You may have heard of Cockney rhyming slang but do you know what a cockney is?
A real cockney is in fact someone who was born within earshot of the “bow bells” (Mary Le Bow Church) in London and originated in the mid-19th century in the East End of the city. These days cockney is often used to describe someone who comes from London and has a certain strong accent.
People have a hard enough time understanding British people when they speak. How do you know if you’re talking to a cockney though?
This is a good question but the bottom line is, you’ll know! The cockney dialect and accent is characterized by fast almost unfathomable speech. It is associated with the working class and comes with it’s own unique mannerisms and body language. A cockney has a reputation to keep always confidant and considered to be “salt of the earth“.
Then comes the cockney rhyming slang…
Just when you think you are starting to understand what a cockney is saying to you they start with the cockney rhyming slang. This is a curious, colloquial way of constructing phrases in a conversation by replacing the word they want to say with 2 or 3 words that rhyme with that word but then just using the first word. Confused?
Don’t worry we got your back and are gonna break it down for you. Once you read the examples we have given in this top 10 cockney rhyming slang list you will understand what it’s all about, so read on…
1: “Apples & Pears” – Stairs
Probably the best known cockney expression of all originating in the 1850’s it plainly means “stairs”. Not very exciting we know nevertheless a great started for ten.
Alternatives: Troubles & cares, Stocks & shares
Example sentence: “I’m just going down the apples & pears to get a cup of tea from the kitchen”
2: “Trouble & Strife” – Wife
A cheeky little expression characteristic of this genre using a double meaning making it humorous but hopefully not too offensive.
Alternatives: Bread knife, Bag for life
Example Sentence: “Just popping to the shops with the trouble to get some food”
3: “Dog & Bone” – Phone
Another very common expression in cockney London most people know this one and use it jokingly, almost fondly.
Alternatives: Joey Ramone, Jelly bone
Example Sentence: “one sec mate, my dog’s ringing just gonna take this call”
4: “Adam & Eve” – Believe
Ok so bear with me on this one, it’s sheer genius but takes some getting used to. The first 3 examples were all nouns whereas this is something different as it means “believe” (read the example sentence below and you’ll get it)
Alternative: Christmas eve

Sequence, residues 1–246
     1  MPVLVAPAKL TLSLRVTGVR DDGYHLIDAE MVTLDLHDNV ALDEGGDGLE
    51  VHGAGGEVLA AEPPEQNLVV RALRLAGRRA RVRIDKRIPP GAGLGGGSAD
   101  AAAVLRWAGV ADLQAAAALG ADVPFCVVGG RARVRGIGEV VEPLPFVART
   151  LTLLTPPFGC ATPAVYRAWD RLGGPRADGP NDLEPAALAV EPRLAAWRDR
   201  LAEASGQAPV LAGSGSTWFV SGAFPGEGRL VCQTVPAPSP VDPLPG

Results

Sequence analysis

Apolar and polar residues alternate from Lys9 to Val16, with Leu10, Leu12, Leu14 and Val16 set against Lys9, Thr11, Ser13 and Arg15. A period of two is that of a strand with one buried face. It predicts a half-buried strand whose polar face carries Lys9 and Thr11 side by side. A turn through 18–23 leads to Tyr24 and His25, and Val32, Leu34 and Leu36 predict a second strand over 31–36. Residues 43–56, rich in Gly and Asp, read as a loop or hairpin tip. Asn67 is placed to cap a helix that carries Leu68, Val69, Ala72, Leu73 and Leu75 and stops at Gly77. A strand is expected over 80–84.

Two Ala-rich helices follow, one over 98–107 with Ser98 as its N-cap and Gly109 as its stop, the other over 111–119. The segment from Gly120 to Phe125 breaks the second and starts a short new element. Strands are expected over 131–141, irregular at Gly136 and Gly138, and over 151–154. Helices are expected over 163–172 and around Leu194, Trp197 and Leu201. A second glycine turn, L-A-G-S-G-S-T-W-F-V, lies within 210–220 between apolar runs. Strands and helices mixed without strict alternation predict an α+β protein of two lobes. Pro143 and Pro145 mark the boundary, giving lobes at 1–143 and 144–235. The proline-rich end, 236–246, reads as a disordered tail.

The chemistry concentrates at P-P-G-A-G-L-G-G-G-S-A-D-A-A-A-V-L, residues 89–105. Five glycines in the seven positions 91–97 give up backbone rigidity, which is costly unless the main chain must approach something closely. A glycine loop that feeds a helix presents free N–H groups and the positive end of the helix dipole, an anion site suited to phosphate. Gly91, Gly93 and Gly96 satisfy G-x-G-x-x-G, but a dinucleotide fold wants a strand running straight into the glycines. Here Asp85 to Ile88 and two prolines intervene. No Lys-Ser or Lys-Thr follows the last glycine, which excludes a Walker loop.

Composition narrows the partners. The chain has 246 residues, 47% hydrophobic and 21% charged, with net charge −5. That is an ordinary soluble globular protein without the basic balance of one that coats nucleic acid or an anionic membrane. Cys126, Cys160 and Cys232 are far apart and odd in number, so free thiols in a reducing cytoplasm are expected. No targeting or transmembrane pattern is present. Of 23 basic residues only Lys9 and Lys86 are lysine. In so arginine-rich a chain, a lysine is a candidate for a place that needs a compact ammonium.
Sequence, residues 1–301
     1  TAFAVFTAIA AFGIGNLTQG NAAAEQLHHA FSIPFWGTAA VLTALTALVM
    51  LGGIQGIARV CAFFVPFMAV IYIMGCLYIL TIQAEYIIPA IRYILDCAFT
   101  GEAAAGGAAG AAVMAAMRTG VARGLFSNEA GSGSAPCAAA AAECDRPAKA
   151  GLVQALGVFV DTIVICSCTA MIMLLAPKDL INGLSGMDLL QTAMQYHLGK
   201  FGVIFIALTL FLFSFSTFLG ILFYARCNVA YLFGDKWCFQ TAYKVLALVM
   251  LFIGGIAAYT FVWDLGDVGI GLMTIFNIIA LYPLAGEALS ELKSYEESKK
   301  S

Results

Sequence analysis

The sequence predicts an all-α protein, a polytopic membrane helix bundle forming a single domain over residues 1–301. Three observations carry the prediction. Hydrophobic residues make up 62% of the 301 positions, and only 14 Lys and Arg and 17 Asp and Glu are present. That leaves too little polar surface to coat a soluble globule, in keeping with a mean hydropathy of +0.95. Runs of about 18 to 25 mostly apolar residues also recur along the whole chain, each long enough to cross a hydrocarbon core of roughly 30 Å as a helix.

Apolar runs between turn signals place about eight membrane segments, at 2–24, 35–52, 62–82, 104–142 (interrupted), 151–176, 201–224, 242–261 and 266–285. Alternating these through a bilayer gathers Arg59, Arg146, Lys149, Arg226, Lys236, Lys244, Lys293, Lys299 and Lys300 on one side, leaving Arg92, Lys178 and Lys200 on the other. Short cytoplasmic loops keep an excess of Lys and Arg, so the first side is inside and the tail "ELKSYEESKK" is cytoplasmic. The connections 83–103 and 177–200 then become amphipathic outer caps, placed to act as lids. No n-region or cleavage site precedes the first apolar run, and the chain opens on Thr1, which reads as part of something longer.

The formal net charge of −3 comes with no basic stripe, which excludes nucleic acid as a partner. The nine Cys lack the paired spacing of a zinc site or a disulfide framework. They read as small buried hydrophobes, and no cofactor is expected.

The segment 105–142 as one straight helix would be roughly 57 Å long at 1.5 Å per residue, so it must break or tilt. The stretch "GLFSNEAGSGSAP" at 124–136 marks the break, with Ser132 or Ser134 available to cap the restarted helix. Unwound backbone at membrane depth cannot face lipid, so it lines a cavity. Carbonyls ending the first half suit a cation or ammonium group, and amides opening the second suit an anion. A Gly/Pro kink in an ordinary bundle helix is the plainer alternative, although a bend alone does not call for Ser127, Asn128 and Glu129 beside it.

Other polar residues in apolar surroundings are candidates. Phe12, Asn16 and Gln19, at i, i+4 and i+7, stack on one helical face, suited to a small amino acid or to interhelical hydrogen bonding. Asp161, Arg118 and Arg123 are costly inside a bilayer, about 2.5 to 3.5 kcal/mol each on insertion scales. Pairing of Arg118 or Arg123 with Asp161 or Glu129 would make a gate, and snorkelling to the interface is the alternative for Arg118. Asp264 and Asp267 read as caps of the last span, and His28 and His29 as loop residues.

Example Sentence: “It’s the middle of winter and the sun came out today, can you Adam & Eve it?!”
5: “Barnet fair” – Hair
A small place located in the North of London and famous for it’s annual horse and pleasure fair held in September, a tradition dating back to 1758.
Alternatives: Tony Blair, Yogi Bear
Example Sentence: “Need to go down the hairdressers and get my Barnet sorted out for the wedding”
6: “Jack Jones” – Alone
A curious expression widely used by Londoners across the board usually when complaining about being left on their lonesome by their mates or family.
Alternatives: Todd Sloan, Pat Malone
Example Sentence: “I’ve been sat her for hours, the lads went to get some drinks and I’m on me Jack Jones!”
7: “Skin & Blister” – Sister
Another “fond” family term of endearment similar to wife above, rhyming slang can be a little gruesome or raw like this one.
Alternative: Sock & Blister
Example Sentence: “Alright lads, my skin’s havin a party tonight, you’re all invited”
8: “Bubble bath” – Laugh
Used with the British colloquial usage of the word laugh this is a great example of classic cockney rhyming slang.
Alternative: Hat & Scarf, Cow’s Calf
Example Sentence: “We’re going down the pub tonight for Johns birthday, we’re gonna have a right bubble” (a good time)
9: “Butcher’s hook” – A look
Another classic example of authentic old fashioned cockney rhyming slang used in plenty by the people of London. In this case only the first word ever.
Alternative: Captain Cook
Example Sentence: “Oy Jane give us a butcher’s at your new watch it looks amazing”
10: “Chew the fat” – (have a) Chat
We thought this was a good one to finish off with today. It is a classic and still very widely used when talking about having a chat with someone.
Alternatives: Top hat, Frank & Pat
Example Sentence: “Let’s meet up tomorrow Dave and chew the fat about the football”